I recently read Kook after receiving a recommendation to do so. I also know next to nothing about surfing so it was a real eye-opener from the perspective of a novice surfer AKA a kook who wants to get good enough to ride “the big wave”. Peter and his bride-to-be, Kim, set out on an adventure down the coast of Baja Mexico and beyond with a few side adventures to help the cause of dolphins in Japan. I learned a lot about different boards, surf etiquette as well as the plight of many marine animals.
Surviving Paradise: One Year on a Disappearing Island  by Peter Rudiak-Gould

A more serious exploration of life on remote pacific tropical atolls (in the Marshall Islands) than Troost’s take, there are still quite a few funny moments. Peter (seems to be a common author name here!) is fresh out of college and out for an adventure teaching English to children on a tiny island without much of any creature comforts most industrialized people come to expect. All alone, he experiences a huge amount of culture shock and has a hard time adjusting to his new life. While he eventually comes to appreciate his experience and learns and shares a lot of what he knows about the history and tenuous future (given global warming, tsunamis and dwindling global aid), he is definitely ready to return to the US after his 1 year gig is up.


La Isla Bajo el Mar by Isabel Allende
La isla bajo el mar
I read this one in Spanish, but I think it is translated into English as well. Told from the perspective of Zarite, a slave in Haiti that lives through the Haitian slave uprising and later in New Orleans, it is a well-researched yet reaching piece that fills you with the dichotomy of humanity that was inherent in such an ugly practice as slavery. I also learned about Francois Mackandal, a slave rebel, and one of the most intriguing historical figures in the book. In many ways this book reminded me of Conquistadora but La Isla Bajo el Mar is from the slave perspective and Conquistadora from that of the landowner/slave master. I love nearly anything by Allende but also recommend her most famous: La Casa de Los Espiritus.

Mambo Kings and Beautiful Maria of my Soul- Oscar Hijuelos
I have already written about these great books here, so check it out!

On the Island by Tracey Garvis-Graves
This book is a cross between the stories of Castaway and Blue Lagoon with a taboo love story thrown in so how could I resist?! Ana is a school teacher who is ready for a break and in an unfulfilling relationship while TJ is the teenager she is charged with tutoring in order to catch him up after recovering from a serious illness. On the way to the Maldives where TJs parents’ are vacationing, their plane crashes in the water and they must swim to finally land on a deserted island where they must scramble to survive and eventually start a whole new life.

What I think is so cool about this book is that it was originally self-published by Garvis-Graves but was so popular that a major publishing house picked it up and it’s also in the process of becoming a movie! Talk about a meteoric rise! A reminder to not dismiss self-published books out of hand.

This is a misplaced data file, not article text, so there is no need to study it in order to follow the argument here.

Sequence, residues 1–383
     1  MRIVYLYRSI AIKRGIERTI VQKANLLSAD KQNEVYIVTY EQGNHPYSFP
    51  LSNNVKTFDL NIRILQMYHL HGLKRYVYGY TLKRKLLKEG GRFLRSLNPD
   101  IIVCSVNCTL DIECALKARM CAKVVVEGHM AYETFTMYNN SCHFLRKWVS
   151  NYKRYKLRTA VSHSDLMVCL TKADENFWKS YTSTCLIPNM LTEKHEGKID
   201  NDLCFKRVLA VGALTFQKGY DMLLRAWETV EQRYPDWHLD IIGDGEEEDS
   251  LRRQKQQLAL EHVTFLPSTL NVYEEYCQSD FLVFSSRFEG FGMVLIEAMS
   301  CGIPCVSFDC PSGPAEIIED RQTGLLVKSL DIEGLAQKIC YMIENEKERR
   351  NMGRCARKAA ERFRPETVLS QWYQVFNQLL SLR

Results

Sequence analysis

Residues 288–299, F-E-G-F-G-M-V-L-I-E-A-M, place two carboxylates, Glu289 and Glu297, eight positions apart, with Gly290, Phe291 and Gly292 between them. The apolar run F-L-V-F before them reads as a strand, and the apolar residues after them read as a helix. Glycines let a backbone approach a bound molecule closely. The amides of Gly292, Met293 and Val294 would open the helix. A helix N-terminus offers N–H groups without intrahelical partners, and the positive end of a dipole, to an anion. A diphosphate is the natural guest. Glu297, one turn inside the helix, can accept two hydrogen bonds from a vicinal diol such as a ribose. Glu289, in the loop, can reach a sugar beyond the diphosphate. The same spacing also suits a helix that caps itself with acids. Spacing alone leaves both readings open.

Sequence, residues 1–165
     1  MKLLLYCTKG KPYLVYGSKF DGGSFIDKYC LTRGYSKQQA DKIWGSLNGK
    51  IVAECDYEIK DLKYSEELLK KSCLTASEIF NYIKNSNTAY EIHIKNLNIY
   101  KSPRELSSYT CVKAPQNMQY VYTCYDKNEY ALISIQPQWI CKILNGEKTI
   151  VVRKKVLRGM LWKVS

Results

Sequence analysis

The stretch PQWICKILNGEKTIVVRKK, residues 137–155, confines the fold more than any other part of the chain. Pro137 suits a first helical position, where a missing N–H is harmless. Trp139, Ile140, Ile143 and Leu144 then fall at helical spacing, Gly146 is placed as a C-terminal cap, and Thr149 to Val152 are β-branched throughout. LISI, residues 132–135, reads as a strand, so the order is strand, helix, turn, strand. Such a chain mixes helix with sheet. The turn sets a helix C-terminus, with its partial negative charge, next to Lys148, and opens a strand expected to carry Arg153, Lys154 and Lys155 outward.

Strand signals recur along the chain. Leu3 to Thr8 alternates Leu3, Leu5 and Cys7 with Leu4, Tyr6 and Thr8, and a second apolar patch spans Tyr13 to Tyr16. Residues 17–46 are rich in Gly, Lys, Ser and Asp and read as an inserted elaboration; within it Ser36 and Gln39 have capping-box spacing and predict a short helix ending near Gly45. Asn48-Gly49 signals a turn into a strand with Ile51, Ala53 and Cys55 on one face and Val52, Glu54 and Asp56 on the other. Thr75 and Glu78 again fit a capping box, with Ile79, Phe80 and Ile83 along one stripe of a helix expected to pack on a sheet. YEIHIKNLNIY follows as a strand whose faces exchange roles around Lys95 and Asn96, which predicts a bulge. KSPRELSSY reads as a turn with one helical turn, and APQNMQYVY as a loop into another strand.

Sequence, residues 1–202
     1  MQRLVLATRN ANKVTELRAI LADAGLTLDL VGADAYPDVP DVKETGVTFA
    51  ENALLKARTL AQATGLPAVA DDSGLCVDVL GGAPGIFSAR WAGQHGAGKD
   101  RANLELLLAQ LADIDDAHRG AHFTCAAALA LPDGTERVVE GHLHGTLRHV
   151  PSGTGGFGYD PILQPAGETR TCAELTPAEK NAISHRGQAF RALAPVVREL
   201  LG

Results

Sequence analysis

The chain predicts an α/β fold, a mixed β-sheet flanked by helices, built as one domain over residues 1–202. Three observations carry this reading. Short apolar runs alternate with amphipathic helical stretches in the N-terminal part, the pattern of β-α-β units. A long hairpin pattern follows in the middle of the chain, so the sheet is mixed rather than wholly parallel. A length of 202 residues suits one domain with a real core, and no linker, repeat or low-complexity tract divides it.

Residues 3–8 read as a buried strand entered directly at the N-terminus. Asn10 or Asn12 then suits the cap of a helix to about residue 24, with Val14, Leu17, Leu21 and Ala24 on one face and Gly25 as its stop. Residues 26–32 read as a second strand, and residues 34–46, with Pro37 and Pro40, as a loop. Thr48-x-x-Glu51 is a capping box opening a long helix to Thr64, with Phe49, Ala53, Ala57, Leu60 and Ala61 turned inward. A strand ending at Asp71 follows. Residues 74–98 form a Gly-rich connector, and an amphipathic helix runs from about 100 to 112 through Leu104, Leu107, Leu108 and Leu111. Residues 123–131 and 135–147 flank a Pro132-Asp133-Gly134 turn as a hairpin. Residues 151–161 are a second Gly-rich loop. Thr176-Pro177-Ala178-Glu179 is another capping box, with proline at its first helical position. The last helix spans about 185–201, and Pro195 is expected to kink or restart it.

Molokai by Alan Brennert

Like Honolulu, this book is a period piece set in Hawaii. Molokai explores the life of young Rachel Kalama and the inhabitants of Kalaupapa, the quarantined leper colony of the late 1800s. Interesting read for both the drama that unfolds throughout Rachel’s life, but also historically exploring the devastating effects of leprosy in separating families and changing lives forever.

Also, this book reminded Britton and I that we want to learn this song (Molokai Slide) on guitar:

Don’t Stop the Carnival by Herman Wouk
Don't Stop the Carnival
I absolutely love this book! It is one of the first I will recommend if someone says they are looking for a fun, easy read. Absolutely awesomely hilarious and set on a fictional Caribbean island. Read my full post on it here.

Hot House Flower and the Nine Plants of Desire by Margot Berwin

Hot House Flower
I read this book a while ago and I am surprised I missed it in the first list because it is such a fun book, especially for people like me who love plants almost as much as I love the tropics in general. Life for thirty-something Lila Nova changes dramatically from the cold sanitary minimalistic box-like lifestyle in Manhattan when she meets a charming and charismatic plant-vender. Soon she finds herself in a magic realism world of shaman, panthers and tropical plants throughout the Yucatan Peninsula. Will she find all 9 plants before their power falls into the wrong hands? Will she find love? Will she live to find out? In between the magic and story-line you will also learn some interesting things about a variety of plants. Especially creepy is mandrake.

Did you notice something missing? I have left off some of my favorite reads from and about Puerto Rico. Don’t despair! It is in the works! :-)

Am I missing any that you have read? I would love to check them out!